To Nook or Not to Nook?

8 Mar

When my husband first mentioned the idea of getting a Nook, I was very hesitant. After all, I have always enjoyed the reading experience. I love the way certain fonts look on a page. I love underlining sentences in a book that I wish I could claim as my own. I love folding the corners of pages that grab me, just so I can reread them over and over again (yes, I’m a page-folder). How could an e-reader even come close to replicating this experience?

Well, my husband surprised me with a Nook just after Christmas this year. I think it was his way of trying to lure me into the technological world. He does everything online, while I usually use more “old-fashioned” methods. As he handed me the Nook, I could just imagine him saying, “See? This is a book and it’s technology. Not so bad, huh?” And … he was RIGHT! I really enjoy reading e-books, much to my surprise.

Yesterday I discovered an interesting  link to a cartoon through Dana Huff’s blog. The cartoonist uses Matilda, a popular children’s book character, to decry the use of e-readers. In the cartoon, Kindle and Nook users are depicted as easily-distracted individuals who are  “swindled” into purchasing e-readers simply because they must accumulate technology. In addition, e-book readers are portrayed as unimaginative people who have lost the ability to use context clues to denote the meaning of unfamiliar words. Pretty bleak viewpoint of those who choose to read with a Nook or Kindle, huh?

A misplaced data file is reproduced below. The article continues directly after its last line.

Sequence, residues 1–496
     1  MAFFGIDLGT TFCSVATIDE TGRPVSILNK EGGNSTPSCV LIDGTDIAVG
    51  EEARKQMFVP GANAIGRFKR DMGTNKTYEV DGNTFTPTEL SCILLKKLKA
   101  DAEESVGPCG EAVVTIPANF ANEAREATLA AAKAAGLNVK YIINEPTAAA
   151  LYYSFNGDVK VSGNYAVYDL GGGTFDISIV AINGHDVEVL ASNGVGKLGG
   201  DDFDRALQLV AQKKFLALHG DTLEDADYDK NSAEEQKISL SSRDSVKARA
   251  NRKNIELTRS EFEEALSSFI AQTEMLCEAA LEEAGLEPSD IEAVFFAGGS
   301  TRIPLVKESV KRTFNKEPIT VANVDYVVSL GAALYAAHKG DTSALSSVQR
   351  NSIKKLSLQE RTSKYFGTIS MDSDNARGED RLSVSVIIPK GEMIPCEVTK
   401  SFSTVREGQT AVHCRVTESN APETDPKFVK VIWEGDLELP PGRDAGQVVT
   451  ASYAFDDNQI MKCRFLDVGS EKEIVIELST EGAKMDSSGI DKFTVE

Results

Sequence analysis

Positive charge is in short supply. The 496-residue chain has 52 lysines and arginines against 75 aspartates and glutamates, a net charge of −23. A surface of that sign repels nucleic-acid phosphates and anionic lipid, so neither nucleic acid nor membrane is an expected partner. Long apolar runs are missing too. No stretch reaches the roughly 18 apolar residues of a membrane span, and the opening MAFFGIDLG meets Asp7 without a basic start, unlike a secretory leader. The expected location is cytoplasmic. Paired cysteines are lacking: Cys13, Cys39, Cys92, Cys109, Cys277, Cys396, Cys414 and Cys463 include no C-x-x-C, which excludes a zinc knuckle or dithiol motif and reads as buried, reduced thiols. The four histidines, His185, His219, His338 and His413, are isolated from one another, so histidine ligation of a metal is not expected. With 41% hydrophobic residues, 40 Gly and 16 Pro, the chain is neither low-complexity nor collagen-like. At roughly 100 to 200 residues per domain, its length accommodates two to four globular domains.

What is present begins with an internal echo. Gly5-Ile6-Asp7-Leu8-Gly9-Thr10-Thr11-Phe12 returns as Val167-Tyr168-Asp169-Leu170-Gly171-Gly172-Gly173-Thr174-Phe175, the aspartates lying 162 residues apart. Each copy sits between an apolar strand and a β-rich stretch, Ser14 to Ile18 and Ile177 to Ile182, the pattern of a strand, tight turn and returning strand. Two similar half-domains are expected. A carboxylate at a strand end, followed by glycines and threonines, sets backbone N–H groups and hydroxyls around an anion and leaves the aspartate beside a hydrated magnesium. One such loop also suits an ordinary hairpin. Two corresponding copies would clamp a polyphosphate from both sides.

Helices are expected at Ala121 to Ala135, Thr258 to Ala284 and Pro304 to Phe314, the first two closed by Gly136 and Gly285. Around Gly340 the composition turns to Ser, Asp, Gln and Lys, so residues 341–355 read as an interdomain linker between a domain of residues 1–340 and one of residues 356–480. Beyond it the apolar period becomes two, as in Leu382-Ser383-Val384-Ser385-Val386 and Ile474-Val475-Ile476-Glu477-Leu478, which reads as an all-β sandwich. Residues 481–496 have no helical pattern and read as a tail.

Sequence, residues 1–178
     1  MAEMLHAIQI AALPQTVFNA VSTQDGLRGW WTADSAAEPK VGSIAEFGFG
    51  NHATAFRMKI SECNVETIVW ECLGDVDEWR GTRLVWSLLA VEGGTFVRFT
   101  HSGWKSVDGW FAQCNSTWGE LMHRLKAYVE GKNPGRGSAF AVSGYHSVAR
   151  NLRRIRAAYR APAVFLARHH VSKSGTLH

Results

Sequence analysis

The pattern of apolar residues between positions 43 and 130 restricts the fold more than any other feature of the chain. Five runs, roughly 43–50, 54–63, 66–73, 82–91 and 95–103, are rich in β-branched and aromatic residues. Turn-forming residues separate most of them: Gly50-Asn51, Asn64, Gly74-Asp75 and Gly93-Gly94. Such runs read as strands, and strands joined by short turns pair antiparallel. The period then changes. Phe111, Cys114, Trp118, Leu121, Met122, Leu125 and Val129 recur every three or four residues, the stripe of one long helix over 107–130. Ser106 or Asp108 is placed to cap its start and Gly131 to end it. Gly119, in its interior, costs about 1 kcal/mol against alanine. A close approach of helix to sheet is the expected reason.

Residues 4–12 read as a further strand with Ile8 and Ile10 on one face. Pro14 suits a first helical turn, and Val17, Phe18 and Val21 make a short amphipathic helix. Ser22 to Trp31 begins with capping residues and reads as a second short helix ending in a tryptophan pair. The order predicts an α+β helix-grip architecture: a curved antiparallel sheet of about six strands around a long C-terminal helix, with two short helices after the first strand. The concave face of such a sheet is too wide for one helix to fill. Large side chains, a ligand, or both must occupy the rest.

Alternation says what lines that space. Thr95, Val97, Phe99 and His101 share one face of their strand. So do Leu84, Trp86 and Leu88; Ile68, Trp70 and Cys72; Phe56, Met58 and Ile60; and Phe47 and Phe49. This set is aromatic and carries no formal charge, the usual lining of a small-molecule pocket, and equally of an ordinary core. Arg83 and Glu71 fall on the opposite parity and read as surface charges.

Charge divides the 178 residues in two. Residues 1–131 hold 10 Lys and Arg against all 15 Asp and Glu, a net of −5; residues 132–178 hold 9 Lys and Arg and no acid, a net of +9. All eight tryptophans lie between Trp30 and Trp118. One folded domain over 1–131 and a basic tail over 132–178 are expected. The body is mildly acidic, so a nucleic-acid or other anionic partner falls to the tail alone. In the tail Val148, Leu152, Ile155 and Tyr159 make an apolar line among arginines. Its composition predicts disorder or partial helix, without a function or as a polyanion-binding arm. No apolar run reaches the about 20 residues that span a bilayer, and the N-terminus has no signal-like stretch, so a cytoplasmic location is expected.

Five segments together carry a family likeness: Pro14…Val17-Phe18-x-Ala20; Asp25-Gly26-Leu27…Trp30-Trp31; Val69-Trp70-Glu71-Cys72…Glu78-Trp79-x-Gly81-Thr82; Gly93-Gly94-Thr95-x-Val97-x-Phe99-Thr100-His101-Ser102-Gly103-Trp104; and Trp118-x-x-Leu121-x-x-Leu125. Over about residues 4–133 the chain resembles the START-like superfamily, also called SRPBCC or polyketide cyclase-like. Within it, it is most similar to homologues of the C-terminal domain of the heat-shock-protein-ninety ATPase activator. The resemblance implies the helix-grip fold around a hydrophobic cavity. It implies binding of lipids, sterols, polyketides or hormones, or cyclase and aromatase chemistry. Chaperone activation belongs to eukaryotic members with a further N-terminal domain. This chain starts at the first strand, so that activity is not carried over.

I found myself frustrated with this cartoon for several reasons. First, people should be free to read in whatever mode they want without being criticized by others. I find this point to be especially true in my work as an 8th grade Language Arts teacher. I teach students who are part of the Facebook generation. At any given point in the day, most of my students are using multiple forms of technology – iPod, laptop, video game consoles, etc. Many of my students have also begun using e-readers. I’m not going to prevent my students from reading e-books – a form of technology they are comfortable with – simply because I have a preference for pieces of paper bound between cardboard covers. And I certainly don’t think they are intellectually inferior because of their electronic reading habits.

In addition, the portrayal of Nook and Kindle users as unimaginative “dim-wits” is unfounded. Yes, there are interactive children’s books that can be purchased for e-readers. And, yes, these children’s books can shaken, jiggled, and swiped to elicit a reaction. But I doubt this is the standard literary fare of most e-book owners. For example, I just finished Persuasion by Jane Austen. If I were to check out this novel from my local library, the text would be exactly the same as the version I read on my Nook. Therefore, since both print and electronic texts are the same, it is safe to say that an electronic version of a novel requires just as much imagination as a paperback copy.

Finally, what’s wrong with using the double-tap feature to define an unfamiliar word? Yes, it is often possible to use context clues to ascertain a word’s meaning. But sometimes context clues are not enough. As a teacher, that’s when I ask my students to consult a dictionary. I suppose double-tapping the screen of an e-reader is easier than looking up a definition in a dictionary, but isn’t the effect the same?

If you would have asked me for my opinion of Nooks and Kindles just one year ago, I would have smiled and said, “E-readers? I suppose they’re good for some people. But I prefer paper-and-ink books myself.” My, how the times change! And I suppose it’s our responsibility to keep up with them.

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